Football supporters are intrinsically drawn towards youth players rising through the ranks.
There is something distinctly tribalistic about supporters’ attitudes towards the emergence of a local-born player, particularly in a footballing world that is becoming increasingly dominated by mega-money signings and leaving organic promotion as a redundant concept.
Academies are rapidly being transformed into money-making vehicles for the elite clubs and graduating into the senior fold is harder than it’s ever been.
Despite the decreasing reliance on academy players to pad out the first-team squad, youth systems remain a source of visceral pride for fans and club personnel alike.
But which of the Premier League’s established top six sides boasts the best academy system?
It’s a question that’s bound to draw some debate, and one that can be analysed through a variety of different lenses.
In order to draw a conclusion on the subject, GIVEMESPORT have created a starting XI for each of the top six clubs comprising of players to have graduated from the academy setup.
There are some important criteria dictating each line-up that need to be addressed before we attempt to rank these from worst to best.
Only those individuals who arrived at the club aged 16 or younger qualify for selection, while we have only included players who are still plying their trade today.
It’s by no means a foolproof method of establishing a clear definitive winner, but the XIs do provide a strong indication of where the next best thing is most likely to emerge from.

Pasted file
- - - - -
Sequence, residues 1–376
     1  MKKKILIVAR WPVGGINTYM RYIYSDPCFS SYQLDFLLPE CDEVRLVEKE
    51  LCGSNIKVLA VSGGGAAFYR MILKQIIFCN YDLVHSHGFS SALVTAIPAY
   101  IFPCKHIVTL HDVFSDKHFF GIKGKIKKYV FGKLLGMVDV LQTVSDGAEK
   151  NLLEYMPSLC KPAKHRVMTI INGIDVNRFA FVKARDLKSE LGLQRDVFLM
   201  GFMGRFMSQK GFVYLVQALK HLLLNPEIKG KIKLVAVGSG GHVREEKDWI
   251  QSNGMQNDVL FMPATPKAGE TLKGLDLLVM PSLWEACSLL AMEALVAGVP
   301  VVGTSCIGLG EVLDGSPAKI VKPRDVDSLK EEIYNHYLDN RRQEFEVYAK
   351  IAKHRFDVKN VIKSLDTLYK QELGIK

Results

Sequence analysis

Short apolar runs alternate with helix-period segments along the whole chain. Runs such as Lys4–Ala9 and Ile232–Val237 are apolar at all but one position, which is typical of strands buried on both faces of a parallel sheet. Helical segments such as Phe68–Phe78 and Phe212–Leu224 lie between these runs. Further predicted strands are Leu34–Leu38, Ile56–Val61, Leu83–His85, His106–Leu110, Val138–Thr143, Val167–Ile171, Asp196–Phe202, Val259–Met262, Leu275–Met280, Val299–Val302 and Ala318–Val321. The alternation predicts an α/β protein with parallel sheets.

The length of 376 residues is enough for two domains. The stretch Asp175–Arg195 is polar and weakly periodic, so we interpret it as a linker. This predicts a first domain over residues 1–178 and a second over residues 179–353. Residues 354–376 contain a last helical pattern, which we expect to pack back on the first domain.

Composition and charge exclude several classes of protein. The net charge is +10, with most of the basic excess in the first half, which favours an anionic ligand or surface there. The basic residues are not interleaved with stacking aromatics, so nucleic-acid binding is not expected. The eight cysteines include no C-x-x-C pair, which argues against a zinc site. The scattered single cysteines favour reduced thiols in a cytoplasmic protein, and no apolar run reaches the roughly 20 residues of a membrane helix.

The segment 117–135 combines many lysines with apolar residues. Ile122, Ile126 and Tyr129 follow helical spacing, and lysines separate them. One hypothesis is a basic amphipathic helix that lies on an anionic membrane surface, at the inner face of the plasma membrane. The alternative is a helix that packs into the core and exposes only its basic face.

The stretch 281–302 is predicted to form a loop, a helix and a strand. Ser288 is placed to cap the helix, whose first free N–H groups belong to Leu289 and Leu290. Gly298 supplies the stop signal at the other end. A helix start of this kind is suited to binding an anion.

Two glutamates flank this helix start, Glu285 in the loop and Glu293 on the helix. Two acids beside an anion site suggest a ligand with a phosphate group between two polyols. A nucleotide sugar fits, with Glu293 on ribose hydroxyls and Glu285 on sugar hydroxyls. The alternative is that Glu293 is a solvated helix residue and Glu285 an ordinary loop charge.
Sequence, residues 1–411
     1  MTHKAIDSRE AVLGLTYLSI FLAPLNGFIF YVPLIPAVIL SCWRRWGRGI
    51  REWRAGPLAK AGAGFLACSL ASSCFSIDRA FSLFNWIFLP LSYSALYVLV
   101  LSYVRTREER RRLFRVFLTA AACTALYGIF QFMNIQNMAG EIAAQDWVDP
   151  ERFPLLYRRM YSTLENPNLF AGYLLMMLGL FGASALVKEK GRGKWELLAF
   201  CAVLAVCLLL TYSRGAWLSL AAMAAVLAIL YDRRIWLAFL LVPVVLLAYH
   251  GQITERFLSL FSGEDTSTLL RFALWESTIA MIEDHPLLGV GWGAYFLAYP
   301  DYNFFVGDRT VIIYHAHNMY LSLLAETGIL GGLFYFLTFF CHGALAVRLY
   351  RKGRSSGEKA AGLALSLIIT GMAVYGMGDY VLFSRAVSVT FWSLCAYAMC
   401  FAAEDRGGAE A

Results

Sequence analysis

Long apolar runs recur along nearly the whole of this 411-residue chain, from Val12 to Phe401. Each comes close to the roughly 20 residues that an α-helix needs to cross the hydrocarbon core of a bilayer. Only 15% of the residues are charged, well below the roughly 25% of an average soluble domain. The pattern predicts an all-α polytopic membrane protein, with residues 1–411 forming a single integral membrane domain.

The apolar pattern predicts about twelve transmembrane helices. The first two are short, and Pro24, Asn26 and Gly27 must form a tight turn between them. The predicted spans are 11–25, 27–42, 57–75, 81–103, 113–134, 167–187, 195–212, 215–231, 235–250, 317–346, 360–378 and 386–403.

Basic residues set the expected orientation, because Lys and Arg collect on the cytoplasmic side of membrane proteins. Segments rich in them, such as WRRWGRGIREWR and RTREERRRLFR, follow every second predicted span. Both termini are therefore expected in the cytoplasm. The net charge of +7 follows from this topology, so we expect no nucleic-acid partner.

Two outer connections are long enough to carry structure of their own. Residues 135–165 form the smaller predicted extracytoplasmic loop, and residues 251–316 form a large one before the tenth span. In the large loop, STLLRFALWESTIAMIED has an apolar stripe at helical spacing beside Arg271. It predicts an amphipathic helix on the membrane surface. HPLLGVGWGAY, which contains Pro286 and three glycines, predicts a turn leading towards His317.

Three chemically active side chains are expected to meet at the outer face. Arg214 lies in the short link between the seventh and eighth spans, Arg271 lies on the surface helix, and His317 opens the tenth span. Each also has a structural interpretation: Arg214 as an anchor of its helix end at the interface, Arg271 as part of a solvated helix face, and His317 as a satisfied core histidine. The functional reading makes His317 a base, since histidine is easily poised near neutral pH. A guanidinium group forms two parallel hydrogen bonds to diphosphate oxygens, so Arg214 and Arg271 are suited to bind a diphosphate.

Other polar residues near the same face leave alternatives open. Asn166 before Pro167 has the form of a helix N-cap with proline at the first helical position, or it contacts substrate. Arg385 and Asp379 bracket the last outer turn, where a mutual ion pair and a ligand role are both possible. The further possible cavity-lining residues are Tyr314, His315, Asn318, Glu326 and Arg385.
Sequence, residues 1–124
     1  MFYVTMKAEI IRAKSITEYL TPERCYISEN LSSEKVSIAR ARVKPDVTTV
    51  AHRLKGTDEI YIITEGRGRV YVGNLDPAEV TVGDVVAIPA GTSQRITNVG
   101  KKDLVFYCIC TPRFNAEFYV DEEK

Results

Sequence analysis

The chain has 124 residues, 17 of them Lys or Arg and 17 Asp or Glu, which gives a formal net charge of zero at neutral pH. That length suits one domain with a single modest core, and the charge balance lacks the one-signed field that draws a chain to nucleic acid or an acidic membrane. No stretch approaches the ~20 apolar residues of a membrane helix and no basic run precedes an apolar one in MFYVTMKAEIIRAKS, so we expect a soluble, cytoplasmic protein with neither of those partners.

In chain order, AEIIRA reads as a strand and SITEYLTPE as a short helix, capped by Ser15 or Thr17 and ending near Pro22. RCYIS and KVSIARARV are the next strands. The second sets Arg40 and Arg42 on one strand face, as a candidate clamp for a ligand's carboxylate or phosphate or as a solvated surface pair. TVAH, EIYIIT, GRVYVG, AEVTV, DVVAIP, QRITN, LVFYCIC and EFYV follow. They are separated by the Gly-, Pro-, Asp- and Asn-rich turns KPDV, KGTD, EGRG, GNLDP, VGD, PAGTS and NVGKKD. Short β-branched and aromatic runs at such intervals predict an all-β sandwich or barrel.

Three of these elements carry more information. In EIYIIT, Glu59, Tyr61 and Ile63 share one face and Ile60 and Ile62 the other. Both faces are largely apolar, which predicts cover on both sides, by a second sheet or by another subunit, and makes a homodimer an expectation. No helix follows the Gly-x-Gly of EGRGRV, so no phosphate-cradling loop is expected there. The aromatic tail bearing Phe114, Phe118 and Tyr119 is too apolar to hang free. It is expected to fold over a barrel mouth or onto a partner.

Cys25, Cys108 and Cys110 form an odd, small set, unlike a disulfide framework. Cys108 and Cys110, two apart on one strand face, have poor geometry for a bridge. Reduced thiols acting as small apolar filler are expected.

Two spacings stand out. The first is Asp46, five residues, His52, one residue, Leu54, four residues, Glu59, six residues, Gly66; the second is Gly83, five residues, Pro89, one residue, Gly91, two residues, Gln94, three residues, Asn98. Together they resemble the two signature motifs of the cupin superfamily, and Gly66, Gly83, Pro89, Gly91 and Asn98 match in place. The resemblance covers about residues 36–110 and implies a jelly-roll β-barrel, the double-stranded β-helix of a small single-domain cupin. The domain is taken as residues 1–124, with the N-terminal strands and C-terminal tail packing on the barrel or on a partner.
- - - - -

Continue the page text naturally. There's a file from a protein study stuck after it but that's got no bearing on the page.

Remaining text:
So, without further ado, here’s our ranking of each of the top six club’s academy system, listed in descending order from worst to best.
Let’s take a look…
6. Tottenham Hotspur
It’s a good job Spurs have Harry Kane to boast in their academy XI.
Apart from producing one of the greatest strikers the Premier League has ever seen, the north London giants don’t have a huge amount to shout about and the fact he’s partnered with Troy Parrott speaks volumes about what an anomalous case the World Cup Golden Boot winner really is.
With a lack of wide players produced by Spurs, Andros Townsend slots infield at the tip of a respectable diamond including Harry Winks, current Norwich City loanee Oliver Skipp and Nabil Bentaleb, whose contract with Schalke expires in the summer.
There’s a real lack of proven quality in the defensive unit, particularly with David Button in goal, and the Lilywhites would be exposed by the other XIs in this ranking.
Liverpool are a club who are renowned for their world-beating academy system having produced the likes of Jamie Carragher, Steven Gerrard and Michael Owen down the years.
That golden generation of academy graduates, however, has been and gone.
Of course, this XI is still littered with first-class players including Trent Alexander-Arnold and Raheem Sterling, while Curtis Jones’ auspicious development suggests he’ll be entering that bracket soon enough.
But there’s simply too many weak links in the side to boost them higher in the list, with Liverpool backup goalkeeper Caoimhin Kelleher, current academy star Paul Glatzel, Sheffield United’s Jack Robinson and Nantes’ Pedro Chirivella all sneaking into the side by virtue of an absence of quality alternatives.
RB Leipzig’s impressive first-choice stopper Peter Gulasci failed to qualify for the side having moved to Anfield as an 18-year-old.
Arsenal are building an unwanted reputation for willingly disposing of their most valuable academy gems for a snip of their true value.
Donyell Malen and Serge Gnabry are two of the most high-profile examples of that tendency in motion and form part of a strong forward line alongside Bukayo Saka and Alex Iwobi.